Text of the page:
If we had multiple sources we’d just have multiple nodes similar to the cyan node labeled “User1Skills” in the diagram above. However, what happens if the user is no longer interested in Python and Apache and instead has concluded that listing Ruby is a better option for his skills? How do we store his updated set of skills? The simplest thing to do is to only look at the current set of skills and loose the data from the previous set of skills.

But that may not be ideal because there’s a chance that at some point previous states could be very important. For example, what if there was another user, User2, who wrote some critical Python code then later left the company? User1 may be the only person who ever had experience with Python and throwing away this previous state may prove costly. Instead what we can do is to create a new User1Skills node and connect it to User1 with the same CURRENT_SKILLS edge, but also connect it to the previous User1Skills node with an edge labeled PREVIOUS_STATE.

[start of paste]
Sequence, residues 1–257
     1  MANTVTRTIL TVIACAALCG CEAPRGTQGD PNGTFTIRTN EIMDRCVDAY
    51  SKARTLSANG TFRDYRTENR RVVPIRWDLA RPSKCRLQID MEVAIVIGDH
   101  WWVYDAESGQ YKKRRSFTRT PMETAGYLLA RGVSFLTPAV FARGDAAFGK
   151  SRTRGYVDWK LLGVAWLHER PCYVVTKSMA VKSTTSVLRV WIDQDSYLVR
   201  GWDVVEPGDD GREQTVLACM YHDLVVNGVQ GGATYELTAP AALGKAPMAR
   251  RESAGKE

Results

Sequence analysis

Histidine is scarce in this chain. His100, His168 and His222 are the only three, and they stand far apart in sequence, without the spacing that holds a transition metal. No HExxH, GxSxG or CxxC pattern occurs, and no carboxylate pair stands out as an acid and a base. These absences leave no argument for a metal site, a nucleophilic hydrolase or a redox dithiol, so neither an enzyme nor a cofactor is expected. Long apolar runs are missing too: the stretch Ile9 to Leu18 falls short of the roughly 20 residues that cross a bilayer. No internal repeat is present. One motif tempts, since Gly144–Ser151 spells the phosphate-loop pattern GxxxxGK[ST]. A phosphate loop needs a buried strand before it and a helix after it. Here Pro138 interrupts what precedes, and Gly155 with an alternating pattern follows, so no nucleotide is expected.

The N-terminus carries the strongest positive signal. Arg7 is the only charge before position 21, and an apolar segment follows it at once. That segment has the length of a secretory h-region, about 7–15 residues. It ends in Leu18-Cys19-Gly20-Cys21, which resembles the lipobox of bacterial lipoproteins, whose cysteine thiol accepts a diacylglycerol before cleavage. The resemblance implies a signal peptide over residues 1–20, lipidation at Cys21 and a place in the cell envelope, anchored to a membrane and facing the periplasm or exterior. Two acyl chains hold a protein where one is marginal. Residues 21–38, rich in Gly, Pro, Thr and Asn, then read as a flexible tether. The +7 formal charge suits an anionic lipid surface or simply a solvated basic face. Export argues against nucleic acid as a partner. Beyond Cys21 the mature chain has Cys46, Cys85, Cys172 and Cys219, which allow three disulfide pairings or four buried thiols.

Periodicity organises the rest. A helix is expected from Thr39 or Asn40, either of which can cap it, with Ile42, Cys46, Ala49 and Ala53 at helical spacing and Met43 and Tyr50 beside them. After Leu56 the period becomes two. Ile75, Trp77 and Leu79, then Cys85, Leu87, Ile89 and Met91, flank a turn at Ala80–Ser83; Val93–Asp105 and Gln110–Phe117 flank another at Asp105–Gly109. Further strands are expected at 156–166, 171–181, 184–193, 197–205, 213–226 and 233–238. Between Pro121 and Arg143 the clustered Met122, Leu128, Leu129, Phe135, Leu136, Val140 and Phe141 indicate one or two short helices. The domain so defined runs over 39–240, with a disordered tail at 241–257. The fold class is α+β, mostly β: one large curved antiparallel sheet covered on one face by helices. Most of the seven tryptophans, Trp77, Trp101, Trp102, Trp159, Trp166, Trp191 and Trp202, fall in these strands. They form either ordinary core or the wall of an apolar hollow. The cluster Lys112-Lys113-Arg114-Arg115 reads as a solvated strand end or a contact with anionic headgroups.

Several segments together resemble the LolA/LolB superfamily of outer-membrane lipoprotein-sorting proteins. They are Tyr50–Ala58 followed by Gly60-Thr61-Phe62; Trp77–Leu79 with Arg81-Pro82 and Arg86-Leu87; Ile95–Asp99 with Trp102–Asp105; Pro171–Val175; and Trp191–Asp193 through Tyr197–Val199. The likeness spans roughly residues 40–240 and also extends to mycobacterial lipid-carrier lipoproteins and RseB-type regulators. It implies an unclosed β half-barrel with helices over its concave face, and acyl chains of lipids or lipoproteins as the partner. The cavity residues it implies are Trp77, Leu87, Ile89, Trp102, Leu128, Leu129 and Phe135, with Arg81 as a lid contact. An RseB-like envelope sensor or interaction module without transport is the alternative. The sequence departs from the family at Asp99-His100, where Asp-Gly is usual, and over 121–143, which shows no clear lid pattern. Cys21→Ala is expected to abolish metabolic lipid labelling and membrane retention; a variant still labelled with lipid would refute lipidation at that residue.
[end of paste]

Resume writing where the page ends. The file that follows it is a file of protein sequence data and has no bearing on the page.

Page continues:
Managing a single previous state of User1's skill set as shown by the PREVIOUS_STATE edge linking to the older state

Managing a single previous state of User1’s skill set as shown by the PREVIOUS_STATE edge linking to the older state

This can be easily expanded when to include multiple previous states but creating new User1Skills nodes, linking it to the appropriate skills, changing the destination of the CURRENT_SKILLS link and creating a new PREVIOUS_STATE link to the old state. The advantage is that this method is essentially constant time for the number of previous states as we’re just rewiring a couple of different nodes.

Multiple PREVIOUS_STATE edges and nodes can be used to indicate that there are many previous states for this user. Additions of previous states are done in constant time.

Multiple PREVIOUS_STATE edges and nodes can be used to indicate that there are many previous states for this user. Additions of previous states are done in constant time.

Querying the Graph